A month later, Trump was embraced by former KKK grand wizard David Duke, which led to a controversial exchange between CNN’s Jake Tapper and the Republican candidate. Asked by Tapper to “unequivocally condemn” Duke, Trump pleaded ignorance.

“Just so you understand, I don’t know anything about David Duke, okay?” Trump said.

Tapper pressed him several more times to disavow Duke and the KKK, but Trump again declined.

What Donald Trump has said about David Duke
Here's what Republican presidential candidate Donald Trump has said about white supremacist David Duke in several interviews in the past 15 years. (Sarah Parnass/The Washington Post)

“I don’t know anything about what you’re even talking about with white supremacy or white supremacists,” he said. “So I don’t know. I don’t know — did he endorse me, or what’s going on? Because I know nothing about David Duke; I know nothing about white supremacists.”

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That same month, Rachel Pendergraft — the national organizer for the Knights Party, a standard-bearer for the Ku Klux Klan — told The Post that Trump’s campaign offered the organization a new outreach tool for recruiting new members and expanding their formerly dwindling ranks.

The Republican presidential candidate, Pendergraft told The Post, provided separatists with an easy way to start a conversation about issues that are important to the dying white supremacist movement.

[Trump booted a black man from his rally and called him a ‘thug.’ Turns out he is a supporter.https://www.youtube.com/watch?v=qa1LYpFwvYw]

“One of the things that our organization really stresses with our membership is we want them to educate themselves on issues, but we also want them to be able to learn how to open up a conversation with other people,” Pendergraft said.

Using Trump as a conversation piece has been discussed on a private, members-only website and in “e-news, stuff that goes out to members.”

In addition to opening “a door to conversation,” she said, Trump’s surging candidacy has electrified some members of the movement.

“They like the overall momentum of his rallies and his campaign,” Pendergraft said. “They like that he’s not willing to back down. He says what he believes and he stands on that.”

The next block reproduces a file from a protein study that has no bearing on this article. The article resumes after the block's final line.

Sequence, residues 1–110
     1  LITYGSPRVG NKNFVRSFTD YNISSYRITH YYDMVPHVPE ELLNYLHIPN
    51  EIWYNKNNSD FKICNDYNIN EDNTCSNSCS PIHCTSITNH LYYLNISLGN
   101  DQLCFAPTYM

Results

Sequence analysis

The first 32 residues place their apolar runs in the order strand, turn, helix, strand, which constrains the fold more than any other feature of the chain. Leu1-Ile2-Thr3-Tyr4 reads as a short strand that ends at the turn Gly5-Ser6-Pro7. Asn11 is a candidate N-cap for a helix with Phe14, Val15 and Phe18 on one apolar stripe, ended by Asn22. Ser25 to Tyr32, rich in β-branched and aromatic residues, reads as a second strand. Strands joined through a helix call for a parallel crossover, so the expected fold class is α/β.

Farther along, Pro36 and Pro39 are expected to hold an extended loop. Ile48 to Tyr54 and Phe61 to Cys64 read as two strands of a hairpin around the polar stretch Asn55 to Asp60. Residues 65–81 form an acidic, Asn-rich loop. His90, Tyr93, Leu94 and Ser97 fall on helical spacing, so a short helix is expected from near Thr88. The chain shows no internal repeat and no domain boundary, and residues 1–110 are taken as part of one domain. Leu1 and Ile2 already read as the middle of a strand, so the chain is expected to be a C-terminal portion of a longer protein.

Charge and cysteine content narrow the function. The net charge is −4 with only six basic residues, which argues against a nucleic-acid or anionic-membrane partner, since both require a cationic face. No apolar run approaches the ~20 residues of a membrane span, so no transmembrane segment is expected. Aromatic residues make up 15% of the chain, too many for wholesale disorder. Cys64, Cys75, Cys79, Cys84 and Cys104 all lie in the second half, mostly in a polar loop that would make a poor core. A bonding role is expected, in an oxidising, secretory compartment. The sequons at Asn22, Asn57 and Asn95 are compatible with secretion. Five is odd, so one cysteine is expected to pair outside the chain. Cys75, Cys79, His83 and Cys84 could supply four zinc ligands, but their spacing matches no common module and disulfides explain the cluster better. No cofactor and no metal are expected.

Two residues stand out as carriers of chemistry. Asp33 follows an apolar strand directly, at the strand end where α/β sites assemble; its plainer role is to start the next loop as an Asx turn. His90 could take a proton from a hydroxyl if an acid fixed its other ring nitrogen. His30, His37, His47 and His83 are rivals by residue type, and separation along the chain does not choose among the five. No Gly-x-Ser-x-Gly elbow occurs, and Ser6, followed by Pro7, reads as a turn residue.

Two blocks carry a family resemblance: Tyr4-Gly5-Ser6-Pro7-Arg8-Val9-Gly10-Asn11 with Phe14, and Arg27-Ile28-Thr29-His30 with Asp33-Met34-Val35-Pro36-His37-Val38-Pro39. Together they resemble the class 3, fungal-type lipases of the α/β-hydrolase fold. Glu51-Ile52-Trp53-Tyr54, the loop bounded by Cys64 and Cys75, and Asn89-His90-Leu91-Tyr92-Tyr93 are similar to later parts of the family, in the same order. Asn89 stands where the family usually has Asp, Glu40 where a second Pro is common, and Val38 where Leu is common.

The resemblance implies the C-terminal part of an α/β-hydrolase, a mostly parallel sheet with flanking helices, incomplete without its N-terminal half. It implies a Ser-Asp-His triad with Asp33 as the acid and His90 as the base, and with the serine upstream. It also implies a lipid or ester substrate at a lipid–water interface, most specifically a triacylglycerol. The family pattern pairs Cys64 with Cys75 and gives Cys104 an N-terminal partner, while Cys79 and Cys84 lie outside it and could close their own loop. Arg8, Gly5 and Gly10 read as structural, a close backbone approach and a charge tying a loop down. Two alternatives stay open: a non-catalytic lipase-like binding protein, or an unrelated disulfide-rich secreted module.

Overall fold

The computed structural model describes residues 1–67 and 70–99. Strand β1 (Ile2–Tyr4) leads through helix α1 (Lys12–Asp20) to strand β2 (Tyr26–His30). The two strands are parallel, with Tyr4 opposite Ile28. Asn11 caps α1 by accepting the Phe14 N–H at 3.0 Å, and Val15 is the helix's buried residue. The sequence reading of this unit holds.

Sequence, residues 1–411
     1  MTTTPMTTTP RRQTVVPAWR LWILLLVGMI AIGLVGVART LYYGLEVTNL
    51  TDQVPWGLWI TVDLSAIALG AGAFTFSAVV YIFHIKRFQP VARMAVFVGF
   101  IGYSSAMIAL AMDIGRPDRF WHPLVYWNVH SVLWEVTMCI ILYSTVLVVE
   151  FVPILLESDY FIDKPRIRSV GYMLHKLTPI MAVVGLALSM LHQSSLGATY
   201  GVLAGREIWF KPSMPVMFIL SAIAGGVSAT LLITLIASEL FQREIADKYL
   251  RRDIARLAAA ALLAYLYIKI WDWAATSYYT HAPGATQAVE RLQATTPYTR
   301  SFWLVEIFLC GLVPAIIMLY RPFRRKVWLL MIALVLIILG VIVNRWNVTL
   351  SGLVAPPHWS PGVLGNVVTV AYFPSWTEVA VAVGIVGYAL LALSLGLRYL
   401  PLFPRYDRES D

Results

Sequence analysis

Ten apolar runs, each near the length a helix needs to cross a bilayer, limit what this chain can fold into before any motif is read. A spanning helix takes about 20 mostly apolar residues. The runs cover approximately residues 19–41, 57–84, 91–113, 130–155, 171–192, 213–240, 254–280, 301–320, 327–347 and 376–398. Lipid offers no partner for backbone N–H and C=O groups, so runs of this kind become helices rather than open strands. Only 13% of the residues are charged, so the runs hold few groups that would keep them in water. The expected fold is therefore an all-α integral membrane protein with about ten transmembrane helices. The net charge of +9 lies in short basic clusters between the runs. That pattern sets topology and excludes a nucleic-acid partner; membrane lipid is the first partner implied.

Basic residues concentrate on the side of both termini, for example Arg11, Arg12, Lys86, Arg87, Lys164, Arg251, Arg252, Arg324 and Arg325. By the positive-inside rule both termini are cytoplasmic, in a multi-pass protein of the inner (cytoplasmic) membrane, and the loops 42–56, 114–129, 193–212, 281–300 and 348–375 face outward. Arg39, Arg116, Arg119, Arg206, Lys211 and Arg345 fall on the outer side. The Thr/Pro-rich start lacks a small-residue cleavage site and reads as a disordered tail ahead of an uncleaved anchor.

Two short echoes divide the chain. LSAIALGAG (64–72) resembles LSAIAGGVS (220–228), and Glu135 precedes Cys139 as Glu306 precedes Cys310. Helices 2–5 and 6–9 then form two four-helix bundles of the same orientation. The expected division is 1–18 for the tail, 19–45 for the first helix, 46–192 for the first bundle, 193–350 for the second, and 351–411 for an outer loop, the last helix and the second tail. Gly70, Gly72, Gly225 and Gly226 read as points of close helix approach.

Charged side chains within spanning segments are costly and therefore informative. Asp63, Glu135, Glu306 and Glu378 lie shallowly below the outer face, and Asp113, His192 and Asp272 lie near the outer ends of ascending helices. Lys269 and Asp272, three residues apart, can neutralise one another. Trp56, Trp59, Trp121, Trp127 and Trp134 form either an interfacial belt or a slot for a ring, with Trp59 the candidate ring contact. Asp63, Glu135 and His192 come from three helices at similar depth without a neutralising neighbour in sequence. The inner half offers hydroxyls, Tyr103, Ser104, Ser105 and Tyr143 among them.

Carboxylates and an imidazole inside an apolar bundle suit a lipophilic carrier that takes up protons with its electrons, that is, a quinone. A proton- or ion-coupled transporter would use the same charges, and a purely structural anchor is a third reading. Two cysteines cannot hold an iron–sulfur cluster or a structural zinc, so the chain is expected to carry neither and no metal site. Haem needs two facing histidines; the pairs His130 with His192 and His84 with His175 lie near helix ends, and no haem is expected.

In August, the American Nazi Party’s chairman, Rocky Suhayda, agreed, declaring on his radio show that Trump offers “real opportunity” to build the white nationalist movement.

More recently, Trump’s rallies have been marred by a series of racially charged incidents.

Last week, a black Trump supporter was booted from a North Carolina rally after he was mistaken for being a protester. Trump’s security detail escorted a man out of the rally as the audience cheered.

“You can get him out,” Trump said, making a sideways motion with his thumb. “Get him out.”

Black man removed from Trump rally turned out to be a supporter
Play Video1:45

A black man was booed out of a rally that Republican presidential nominee Donald Trump held in Kinston, N.C. on Oct. 28. The crowd started booing the man until Trump noticed him. Trump called the man a 'thug" and accused him of being a protester. The man turned out to be a Trump supporter. (Dalton Bennett/The Washington Post)

The person in question turned out to be C.J. Cary, a North Carolina resident, who claims to be a longtime Trump supporter.

Cary, in a phone interview Saturday with The Post, said he had gone to the rally because he wanted to hand-deliver a note to the Republican presidential nominee. He made his way to about 20 to 30 feet from the stage and shouted “Donald!” while waving his note around to try to catch his attention.

“Everyone else is waving Trump signs and I’m waving this white letter,” Cary, 63, said. He said that, coupled with the fact that he was wearing sunglasses during an evening rally to deal with his sensitivity to light, may have been what set people off.

Cary said a security official noticed he appeared to be a supporter but said he should not have disrupted the rally.

“He asked me, ‘What happened? You have on a GOP badge,’ " Cary said. “I said, ‘I’m yelling at Donald, and he thinks I’m a protester.’ ”

[Hear a white nationalist’s robocall urging Iowa voters to back Trump]

Days later, Donald Trump’s campaign manager, Kellyanne Conway, forcefully disavowed a supporter as “deplorable” for chanting “Jew-S-A!” at a weekend rally, the latest incident of anti-Semitic rhetoric used by some of the GOP nominee’s backers, according to Post reporters Jose A. DelReal and Sean Sullivan.

“[The man’s] conduct is completely unacceptable and does not reflect our campaign or our candidate. Wow,” Conway said during an interview on CNN’s “State of the Union.” “That man’s conduct was deplorable. And had I been there, I would have asked security to remove him immediately.”

The Saturday afternoon incident in Phoenix was captured on video that showed a man confronting reporters at the rally with shouts and a three-fingered hand gesture that resembled hate symbols flagged by the Anti-Defamation League.

“You’re going down! You’re the enemy!” the man yelled. As the rest of the crowd broke into a chant of “USA! USA!,” the man repeatedly chanted, “Jew-S-A! Jew-S-A!”